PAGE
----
Monday, December 14, 2009

Mentor or Teacher?

If I teach someone how to make kombucha or knead bread, I'm handing over a skill or a certain amount of knowledge. That's teaching, but it's not being a mentor.

When my kids learned to drive, Mr Fischer was the teacher for most of the kids in the class, but for my kids he was, for a brief time, a mentor. He was someone to look up to, someone who taught them much more than driving, someone to remember for the rest of their lives. That's why I bothered to make the 2-hour roundtrip to take Andrew to Trident Driving School after we'd moved.

Most homeschool moms are mentors more than they are teachers. A teacher passes on a skill or a certain bit of knowledge. But a mentor teaches so much more: values and outlook and habits and mannerisms and skills and worldview and social habits and maybe even academic knowledge too. Mentors shape people.

It's a scary to be a mentor. You know your own failings. How can you teach other people? What if they grow up to be like you? Yikes! It would be so much easier to just teach what's in the book, avoid the risk. But then ... which book? Who decides which bits of academic knowledge are the important ones to teach? Who decides which worldview should be passed on? A school board? A government panel? Nah. I don't want them being mentors for my kids either.

It's scary enough to be mentor for your own children, the ones God placed into your care, the ones whom you've loved since birth, the ones who've trusted you all along. But then, to ponder (even briefly) the thought of teaching other kids, the scariness multiplies! You know you can't love those other kids as much your own. You suspect other parents ought not trust you with their child's mind and heart and life. After all, who are you? When it's your own kids, you know you have a call from God to raise them up. But other kids? That would be a daunting responsibility to take on oneself.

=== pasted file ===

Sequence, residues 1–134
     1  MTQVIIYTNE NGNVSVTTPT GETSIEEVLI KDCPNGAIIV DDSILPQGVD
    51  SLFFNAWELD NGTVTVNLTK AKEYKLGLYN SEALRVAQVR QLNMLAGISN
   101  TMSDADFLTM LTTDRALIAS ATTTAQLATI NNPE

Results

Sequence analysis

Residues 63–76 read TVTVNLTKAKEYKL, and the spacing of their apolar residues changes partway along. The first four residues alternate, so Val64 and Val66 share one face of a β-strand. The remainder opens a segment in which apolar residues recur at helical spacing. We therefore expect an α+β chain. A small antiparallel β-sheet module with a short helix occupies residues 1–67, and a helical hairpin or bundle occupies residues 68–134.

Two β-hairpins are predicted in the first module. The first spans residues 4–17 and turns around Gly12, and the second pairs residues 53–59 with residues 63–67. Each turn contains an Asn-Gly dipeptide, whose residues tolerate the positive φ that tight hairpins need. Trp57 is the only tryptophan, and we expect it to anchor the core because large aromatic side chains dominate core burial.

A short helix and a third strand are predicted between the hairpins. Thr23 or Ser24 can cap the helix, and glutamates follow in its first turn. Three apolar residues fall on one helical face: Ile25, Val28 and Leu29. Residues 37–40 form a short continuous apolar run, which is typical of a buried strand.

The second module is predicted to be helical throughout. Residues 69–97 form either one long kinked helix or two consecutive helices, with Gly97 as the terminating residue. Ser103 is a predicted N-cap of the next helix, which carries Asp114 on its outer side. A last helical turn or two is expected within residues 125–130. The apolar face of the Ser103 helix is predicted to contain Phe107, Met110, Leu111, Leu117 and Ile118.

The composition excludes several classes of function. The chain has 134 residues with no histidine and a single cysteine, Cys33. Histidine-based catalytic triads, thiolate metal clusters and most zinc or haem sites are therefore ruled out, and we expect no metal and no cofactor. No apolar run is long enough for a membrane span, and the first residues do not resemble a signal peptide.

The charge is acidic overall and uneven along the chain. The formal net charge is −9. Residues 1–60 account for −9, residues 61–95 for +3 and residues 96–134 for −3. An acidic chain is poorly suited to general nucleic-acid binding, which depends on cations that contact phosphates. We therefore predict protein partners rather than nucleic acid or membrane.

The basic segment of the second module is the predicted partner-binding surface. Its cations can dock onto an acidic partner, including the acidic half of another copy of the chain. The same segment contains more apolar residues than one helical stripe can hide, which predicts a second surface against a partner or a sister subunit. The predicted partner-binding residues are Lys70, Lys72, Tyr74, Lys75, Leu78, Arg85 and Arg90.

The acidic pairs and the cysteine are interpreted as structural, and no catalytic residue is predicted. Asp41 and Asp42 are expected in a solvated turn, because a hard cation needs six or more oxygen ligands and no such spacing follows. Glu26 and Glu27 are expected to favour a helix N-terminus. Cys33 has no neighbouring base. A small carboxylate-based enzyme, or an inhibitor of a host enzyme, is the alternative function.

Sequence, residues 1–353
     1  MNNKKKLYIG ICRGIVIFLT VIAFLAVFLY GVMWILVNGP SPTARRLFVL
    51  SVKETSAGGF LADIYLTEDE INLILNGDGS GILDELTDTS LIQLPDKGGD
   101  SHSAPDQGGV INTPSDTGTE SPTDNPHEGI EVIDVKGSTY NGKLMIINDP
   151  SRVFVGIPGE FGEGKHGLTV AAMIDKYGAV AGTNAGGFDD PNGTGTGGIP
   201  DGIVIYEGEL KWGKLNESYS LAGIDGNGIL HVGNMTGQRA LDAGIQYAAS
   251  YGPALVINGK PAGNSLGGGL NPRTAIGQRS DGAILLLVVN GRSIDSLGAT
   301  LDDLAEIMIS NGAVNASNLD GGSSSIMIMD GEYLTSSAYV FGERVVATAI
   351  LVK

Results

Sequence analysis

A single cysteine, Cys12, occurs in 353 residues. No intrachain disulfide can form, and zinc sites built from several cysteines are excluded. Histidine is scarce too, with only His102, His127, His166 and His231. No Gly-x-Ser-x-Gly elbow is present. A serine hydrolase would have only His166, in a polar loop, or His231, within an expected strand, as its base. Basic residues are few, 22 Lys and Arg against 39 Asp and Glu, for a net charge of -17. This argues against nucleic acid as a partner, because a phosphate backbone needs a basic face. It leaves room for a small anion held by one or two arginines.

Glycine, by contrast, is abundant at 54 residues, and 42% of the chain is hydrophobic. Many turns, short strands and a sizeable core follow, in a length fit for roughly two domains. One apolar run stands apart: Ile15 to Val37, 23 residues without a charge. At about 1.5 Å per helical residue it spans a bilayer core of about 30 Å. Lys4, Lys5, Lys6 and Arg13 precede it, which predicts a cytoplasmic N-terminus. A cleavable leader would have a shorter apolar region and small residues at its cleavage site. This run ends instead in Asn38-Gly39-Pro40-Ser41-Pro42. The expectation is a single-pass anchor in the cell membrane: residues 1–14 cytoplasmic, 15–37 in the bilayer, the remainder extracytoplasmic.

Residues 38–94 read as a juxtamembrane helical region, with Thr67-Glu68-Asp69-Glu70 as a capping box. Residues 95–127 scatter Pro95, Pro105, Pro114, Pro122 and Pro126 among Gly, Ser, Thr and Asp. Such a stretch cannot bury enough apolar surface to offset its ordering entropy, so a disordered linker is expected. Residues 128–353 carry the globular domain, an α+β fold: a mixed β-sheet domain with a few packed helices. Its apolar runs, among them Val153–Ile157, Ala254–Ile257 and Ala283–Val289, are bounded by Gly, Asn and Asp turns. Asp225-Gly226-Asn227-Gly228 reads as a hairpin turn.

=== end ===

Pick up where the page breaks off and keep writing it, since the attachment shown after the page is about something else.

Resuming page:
Maybe if I could convince myself that teaching was something simple like passing on spelling skills, or fixing a washer, or declining Greek nouns, then teaching wouldn't seem like such a big deal. But when you've spent most of your adult life as a parent, a homeschooler, a mentor, it seems like such a trivial thing to merely "teach," in contrast to investing all your life and energy into the people committed to your care.

1 comment:

  1. I was talking to a girl at work today who asked me (knowing that I was homeschooled) if we were going to homeschool our kids. I was trying to explain this exact thing to her. She (obviously) brought up all the usual objections (socializing, etc.). I noticed that she didn't try to claim that public school had the stuff I desired our children to have. She simply thought the other was more important.

    But, yeah, not sure how to explain all of that to someone... short of just saying, "If your kids could have this, wouldn't you want them to?"